Objective: Results of randomised clinical trials (RCTs) appear to differ from results of observational studies. This paper explores differences in methodology, interpretation and presentation of results that elucidate these differences. Method: We identified patients who completed a survey questionnaire during the period January 1998 through December 1998 and also completed one between July 2003 and June 2004, an average span of 4.7 years. The mean time from study initiation to anti-TNF administration was 2.1 years, and the mean treatment time was 2.1 (SD 1.3) years at study closure. During this period 38.3% of patients received anti-TNF therapy. We compared the results of patients in this group with results from RCTs. Results: RCTs utilise flare design, patient selection, control groups and regression to the mean. Observational studies, on the other hand, confound additional prior therapy and anti-TNF effect, do not employ control groups, and may have less regression to the mean. Conclusions: RCTs and observational studies assess and report efficacy and effectiveness in ways that are so different that they are often incommensurable. A key difference is whether results should represent changes from flare states or should, instead, consider chronic status prior to initiation of therapy. There is little evidence that the clinical state at the start of most anti-TNF RCTs represents a chronic state. Economic analyses that utilise the RCT starting point over-estimate the cost effectiveness of anti-TNF therapy. The solution for these problems and a guide to understanding the real results of anti-TNF therapy lies in collecting preclinical trial data in all patients who will enter clinical trials. In addition, RCT results would more approximate those of observational studies if all reporting was done after subtracting the effect of the comparator group.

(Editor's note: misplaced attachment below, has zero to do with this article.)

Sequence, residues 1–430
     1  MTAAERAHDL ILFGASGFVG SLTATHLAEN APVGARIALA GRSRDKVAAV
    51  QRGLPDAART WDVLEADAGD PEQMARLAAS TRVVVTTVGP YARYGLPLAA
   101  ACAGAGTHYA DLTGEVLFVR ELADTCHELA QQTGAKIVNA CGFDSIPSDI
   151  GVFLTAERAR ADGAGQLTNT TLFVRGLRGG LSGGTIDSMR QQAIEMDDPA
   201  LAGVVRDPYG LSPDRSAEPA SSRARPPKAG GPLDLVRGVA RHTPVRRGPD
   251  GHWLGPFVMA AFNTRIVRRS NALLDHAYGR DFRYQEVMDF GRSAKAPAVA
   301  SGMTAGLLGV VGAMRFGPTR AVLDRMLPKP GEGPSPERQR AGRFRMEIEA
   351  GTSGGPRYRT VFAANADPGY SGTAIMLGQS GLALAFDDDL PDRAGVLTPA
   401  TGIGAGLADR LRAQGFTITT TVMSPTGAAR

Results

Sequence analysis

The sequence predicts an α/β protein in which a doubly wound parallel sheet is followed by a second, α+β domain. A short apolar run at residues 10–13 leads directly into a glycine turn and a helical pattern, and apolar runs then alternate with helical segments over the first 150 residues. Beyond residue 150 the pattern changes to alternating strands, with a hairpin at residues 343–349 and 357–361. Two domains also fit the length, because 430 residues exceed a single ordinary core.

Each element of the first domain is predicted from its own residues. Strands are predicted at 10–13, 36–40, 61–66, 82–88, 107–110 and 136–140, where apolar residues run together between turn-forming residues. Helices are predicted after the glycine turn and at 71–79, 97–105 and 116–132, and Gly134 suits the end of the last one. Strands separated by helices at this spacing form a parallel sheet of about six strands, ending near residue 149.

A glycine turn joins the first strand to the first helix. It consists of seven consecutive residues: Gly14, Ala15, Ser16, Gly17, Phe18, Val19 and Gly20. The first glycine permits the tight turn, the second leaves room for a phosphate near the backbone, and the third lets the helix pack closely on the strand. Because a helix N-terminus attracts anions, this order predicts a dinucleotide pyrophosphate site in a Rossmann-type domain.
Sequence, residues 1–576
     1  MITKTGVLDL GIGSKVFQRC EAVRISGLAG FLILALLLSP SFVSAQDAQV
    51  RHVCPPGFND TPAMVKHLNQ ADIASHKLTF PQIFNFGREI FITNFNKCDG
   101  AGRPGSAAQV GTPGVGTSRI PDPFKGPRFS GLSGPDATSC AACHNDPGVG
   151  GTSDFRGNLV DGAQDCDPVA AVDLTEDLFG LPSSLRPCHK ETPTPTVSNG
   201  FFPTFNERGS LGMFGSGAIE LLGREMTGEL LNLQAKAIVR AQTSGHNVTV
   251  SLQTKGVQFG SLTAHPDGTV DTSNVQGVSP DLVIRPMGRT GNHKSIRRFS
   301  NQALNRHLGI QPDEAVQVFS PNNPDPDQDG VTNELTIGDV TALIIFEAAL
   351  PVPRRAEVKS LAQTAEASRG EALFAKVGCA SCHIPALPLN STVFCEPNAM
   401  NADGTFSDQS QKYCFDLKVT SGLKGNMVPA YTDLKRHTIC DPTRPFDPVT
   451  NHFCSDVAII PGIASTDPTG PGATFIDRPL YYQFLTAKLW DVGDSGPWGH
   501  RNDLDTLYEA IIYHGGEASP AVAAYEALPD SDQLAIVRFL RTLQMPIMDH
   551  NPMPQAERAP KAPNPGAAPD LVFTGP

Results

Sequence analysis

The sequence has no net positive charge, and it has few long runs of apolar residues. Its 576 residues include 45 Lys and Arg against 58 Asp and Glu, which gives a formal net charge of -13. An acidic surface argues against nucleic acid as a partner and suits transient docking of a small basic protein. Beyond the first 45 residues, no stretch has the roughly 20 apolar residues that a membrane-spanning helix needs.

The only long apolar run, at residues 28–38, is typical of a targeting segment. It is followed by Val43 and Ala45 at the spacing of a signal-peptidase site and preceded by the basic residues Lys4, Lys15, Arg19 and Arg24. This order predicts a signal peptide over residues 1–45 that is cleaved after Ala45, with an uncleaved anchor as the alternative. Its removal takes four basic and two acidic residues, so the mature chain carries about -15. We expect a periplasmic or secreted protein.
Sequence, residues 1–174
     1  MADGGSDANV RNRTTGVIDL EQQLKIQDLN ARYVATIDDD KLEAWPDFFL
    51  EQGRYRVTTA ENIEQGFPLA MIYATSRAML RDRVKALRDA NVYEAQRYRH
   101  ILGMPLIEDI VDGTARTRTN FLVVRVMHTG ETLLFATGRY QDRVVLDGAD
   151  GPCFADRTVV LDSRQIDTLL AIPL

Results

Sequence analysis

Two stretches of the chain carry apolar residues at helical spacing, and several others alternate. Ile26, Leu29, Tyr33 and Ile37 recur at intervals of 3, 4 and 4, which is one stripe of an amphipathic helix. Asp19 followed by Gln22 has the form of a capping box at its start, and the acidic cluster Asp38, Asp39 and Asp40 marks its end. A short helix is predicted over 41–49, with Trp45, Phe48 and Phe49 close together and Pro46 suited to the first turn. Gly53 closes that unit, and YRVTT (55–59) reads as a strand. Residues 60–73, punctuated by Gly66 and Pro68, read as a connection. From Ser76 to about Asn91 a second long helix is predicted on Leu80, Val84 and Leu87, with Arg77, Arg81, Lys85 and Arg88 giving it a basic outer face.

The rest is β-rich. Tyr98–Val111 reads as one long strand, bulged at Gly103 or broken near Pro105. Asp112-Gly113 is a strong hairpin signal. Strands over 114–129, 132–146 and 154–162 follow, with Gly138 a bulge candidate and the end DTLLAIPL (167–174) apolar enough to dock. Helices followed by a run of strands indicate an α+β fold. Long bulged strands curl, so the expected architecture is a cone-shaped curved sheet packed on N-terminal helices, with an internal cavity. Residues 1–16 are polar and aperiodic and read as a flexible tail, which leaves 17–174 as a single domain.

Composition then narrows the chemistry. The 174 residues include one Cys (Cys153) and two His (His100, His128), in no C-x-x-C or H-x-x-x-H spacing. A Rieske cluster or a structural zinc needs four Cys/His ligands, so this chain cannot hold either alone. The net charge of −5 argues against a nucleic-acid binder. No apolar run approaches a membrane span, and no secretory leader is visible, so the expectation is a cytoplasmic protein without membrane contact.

ASJC Scopus subject areas
- Immunology and Allergy
- Biochemistry, Genetics and Molecular Biology(all)